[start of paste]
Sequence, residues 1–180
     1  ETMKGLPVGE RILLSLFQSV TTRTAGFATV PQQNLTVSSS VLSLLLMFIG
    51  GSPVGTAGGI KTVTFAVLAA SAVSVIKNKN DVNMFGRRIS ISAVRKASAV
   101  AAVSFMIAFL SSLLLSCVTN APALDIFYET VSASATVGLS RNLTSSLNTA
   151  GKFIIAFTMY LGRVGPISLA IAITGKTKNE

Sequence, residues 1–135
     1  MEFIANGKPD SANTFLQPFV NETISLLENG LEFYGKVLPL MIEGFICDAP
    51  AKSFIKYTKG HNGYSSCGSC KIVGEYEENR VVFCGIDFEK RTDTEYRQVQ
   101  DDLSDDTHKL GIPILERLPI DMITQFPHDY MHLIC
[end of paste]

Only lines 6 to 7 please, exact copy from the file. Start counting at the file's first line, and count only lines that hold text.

Sequence, residues 1–135
     1  MEFIANGKPD SANTFLQPFV NETISLLENG LEFYGKVLPL MIEGFICDAP